Education

UT Young Conservatives ‘Affirmative Action Bake Sale’ Draws Protests

Members of the Young Conservatives of Texas at the University of Texas at Austin held an affirmative action bake sale Wednesday. The bake sale, located in the West Mall area of the campus, drew a large crowd of protestors and critics.

In a press release regarding the event, the club explains that they held the bake sale on campus to “bring attention to the absurdity of giving preferential treatment to individuals based on race, ethnicity or gender.”

“Affirmative action for university admissions was banned in Texas in 1996 (Hopwood v. Texas) but then overturned over by the U.S. Supreme Court in 2003 (Gratz v. Bollinger) stating that race, gender, and ethnicity can again be used as a factor in admissions as long as a quota or point system is not used,” states the club’s release.

“Our bake sale will have a tiered pricing method intended to illustrate this disastrous policy that demeans minorities on our campus by placing labels of race and gender on their accomplishments,” the Young Conservatives of Texas posted in the bake sale’s Facebook event.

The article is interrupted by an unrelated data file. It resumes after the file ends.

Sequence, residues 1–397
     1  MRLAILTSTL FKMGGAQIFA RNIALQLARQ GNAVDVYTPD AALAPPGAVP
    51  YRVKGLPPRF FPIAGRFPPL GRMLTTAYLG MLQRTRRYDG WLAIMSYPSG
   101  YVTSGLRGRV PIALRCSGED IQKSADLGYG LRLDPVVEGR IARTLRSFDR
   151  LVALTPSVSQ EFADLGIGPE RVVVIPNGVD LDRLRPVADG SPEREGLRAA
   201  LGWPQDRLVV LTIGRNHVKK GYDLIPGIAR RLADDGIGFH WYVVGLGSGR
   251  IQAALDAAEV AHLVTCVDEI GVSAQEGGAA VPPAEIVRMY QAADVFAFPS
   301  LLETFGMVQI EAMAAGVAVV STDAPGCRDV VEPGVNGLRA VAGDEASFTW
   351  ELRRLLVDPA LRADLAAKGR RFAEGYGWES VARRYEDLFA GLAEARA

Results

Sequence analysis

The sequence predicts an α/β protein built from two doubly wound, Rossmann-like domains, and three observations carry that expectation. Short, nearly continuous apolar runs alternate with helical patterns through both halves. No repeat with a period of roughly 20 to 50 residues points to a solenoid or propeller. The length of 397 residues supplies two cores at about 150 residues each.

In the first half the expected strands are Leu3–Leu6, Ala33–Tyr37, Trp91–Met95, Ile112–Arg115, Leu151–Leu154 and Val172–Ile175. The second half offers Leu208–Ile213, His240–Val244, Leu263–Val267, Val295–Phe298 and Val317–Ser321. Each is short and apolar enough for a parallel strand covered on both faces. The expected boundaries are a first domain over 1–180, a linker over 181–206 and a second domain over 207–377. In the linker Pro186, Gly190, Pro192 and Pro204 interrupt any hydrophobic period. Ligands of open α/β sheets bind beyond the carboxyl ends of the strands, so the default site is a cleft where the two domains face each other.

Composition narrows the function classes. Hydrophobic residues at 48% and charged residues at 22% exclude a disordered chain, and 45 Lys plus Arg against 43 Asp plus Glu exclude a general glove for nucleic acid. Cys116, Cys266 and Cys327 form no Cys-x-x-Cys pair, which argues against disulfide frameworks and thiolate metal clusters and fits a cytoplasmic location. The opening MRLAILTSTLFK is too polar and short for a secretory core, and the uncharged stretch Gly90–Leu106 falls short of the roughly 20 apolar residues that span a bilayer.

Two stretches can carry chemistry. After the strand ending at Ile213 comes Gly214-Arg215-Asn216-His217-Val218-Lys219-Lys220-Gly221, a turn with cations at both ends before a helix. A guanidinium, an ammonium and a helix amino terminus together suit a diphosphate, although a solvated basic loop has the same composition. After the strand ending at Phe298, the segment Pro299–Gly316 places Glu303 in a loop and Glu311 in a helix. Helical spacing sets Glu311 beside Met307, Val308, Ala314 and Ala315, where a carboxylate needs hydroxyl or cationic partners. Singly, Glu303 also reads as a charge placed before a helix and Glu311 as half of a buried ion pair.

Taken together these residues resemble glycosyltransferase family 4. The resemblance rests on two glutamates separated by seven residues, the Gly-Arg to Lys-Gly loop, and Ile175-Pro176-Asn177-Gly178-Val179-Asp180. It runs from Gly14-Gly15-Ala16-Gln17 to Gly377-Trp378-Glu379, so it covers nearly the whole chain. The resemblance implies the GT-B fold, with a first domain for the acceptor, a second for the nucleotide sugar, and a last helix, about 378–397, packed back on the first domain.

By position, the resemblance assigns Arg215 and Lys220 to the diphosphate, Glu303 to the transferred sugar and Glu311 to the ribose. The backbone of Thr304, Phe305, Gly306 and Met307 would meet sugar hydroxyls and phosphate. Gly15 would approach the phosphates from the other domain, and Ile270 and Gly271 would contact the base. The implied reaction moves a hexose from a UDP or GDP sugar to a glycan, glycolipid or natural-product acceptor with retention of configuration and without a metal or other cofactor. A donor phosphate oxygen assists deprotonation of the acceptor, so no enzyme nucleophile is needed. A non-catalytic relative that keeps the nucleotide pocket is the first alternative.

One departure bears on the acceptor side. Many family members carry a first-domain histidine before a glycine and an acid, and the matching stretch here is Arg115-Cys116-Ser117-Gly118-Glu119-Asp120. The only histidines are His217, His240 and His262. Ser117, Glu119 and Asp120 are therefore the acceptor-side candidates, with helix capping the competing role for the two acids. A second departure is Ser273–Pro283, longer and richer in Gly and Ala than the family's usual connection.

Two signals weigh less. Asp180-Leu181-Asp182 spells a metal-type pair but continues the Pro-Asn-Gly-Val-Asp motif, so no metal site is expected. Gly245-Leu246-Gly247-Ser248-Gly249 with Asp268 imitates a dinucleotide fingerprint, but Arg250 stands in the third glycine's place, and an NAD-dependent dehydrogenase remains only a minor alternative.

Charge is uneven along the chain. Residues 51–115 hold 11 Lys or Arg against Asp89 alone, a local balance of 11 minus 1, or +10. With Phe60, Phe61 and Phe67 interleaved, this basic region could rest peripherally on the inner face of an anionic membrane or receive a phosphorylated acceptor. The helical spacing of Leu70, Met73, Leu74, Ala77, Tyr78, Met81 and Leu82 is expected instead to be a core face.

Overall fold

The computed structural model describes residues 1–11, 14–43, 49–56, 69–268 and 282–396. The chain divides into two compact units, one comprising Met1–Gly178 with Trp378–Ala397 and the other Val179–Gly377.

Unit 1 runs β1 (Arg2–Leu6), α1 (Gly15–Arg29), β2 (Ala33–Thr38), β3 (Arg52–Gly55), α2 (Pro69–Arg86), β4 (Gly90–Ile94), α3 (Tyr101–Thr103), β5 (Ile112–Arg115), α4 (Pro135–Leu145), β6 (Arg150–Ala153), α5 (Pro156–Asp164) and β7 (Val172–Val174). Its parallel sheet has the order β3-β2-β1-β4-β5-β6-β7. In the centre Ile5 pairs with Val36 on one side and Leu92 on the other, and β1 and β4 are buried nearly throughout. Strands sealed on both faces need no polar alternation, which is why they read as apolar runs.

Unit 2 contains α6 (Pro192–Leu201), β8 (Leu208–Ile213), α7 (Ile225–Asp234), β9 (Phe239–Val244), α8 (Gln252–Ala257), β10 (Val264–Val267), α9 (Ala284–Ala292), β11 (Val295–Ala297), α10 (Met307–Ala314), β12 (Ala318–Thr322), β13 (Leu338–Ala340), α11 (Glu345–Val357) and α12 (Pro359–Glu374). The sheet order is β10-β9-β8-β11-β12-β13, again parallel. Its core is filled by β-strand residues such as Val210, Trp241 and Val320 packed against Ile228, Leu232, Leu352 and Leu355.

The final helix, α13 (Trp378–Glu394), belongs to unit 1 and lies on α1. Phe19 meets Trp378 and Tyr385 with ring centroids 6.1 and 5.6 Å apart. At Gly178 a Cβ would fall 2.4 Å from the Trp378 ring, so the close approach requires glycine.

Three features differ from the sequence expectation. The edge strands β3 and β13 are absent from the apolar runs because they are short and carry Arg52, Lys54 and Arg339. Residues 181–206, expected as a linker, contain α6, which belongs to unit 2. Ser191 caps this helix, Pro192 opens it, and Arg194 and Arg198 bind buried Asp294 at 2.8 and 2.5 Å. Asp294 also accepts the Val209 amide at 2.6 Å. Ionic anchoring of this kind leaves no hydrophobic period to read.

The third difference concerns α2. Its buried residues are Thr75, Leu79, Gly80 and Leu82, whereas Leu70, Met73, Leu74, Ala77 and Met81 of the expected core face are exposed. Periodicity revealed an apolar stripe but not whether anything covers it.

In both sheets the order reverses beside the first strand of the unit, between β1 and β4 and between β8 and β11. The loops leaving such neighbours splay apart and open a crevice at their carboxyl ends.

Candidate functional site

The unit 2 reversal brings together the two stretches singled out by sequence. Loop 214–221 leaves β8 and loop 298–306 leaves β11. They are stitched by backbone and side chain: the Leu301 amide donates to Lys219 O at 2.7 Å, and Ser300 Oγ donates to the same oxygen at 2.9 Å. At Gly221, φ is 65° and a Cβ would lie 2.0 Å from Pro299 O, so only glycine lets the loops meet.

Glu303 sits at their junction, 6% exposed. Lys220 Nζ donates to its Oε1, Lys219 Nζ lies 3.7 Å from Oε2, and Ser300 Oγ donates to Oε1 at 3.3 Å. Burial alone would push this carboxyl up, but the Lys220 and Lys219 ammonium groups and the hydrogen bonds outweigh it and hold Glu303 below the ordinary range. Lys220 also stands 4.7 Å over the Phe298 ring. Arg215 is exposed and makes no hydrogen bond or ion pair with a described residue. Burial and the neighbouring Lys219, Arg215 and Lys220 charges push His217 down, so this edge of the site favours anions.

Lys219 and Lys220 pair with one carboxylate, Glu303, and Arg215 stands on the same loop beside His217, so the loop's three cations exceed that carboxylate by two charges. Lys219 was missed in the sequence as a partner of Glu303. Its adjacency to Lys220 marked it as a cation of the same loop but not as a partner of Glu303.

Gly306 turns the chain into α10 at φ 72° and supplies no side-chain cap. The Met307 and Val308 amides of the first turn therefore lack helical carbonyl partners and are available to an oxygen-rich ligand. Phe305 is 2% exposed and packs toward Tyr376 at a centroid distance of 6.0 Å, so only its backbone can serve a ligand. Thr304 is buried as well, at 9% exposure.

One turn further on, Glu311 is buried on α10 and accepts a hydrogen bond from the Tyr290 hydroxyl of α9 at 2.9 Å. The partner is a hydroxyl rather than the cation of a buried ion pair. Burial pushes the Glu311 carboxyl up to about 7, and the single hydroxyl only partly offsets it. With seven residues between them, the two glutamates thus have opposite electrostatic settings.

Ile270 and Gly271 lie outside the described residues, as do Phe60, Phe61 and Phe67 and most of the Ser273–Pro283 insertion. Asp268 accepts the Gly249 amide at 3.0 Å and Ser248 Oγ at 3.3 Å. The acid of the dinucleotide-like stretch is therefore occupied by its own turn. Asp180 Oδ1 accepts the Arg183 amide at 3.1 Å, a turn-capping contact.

The club set the following prices for the baked goods:

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Yerim Ashley Choi, a UT student and spokesman for the university’s Gender and Sexuality Center, live streamed the event with the title “Racists are live at UT Austin”.

“Our protest was designed to highlight the insanity of assigning our lives value based on our race and ethnicity, rather than our talents, work ethic, and intelligence,” says Vidal Castañeda, the chairman of the UT Young Conservatives. “It is insane that institutional racism, such as affirmative action, continues to allow for universities to judge me by the color of my skin rather than my actions.”

Castañeda explains that despite the criticism the event received, the group has no intention of backing down.

“YCT-UT will not be deterred by liberal elites that would love nothing more than to silence conservative, common sense voices on campus,” he states in the press release. “We will continue to speak out against policies that are harmful or give preferential treatment based on nothing more than immutable characteristics.”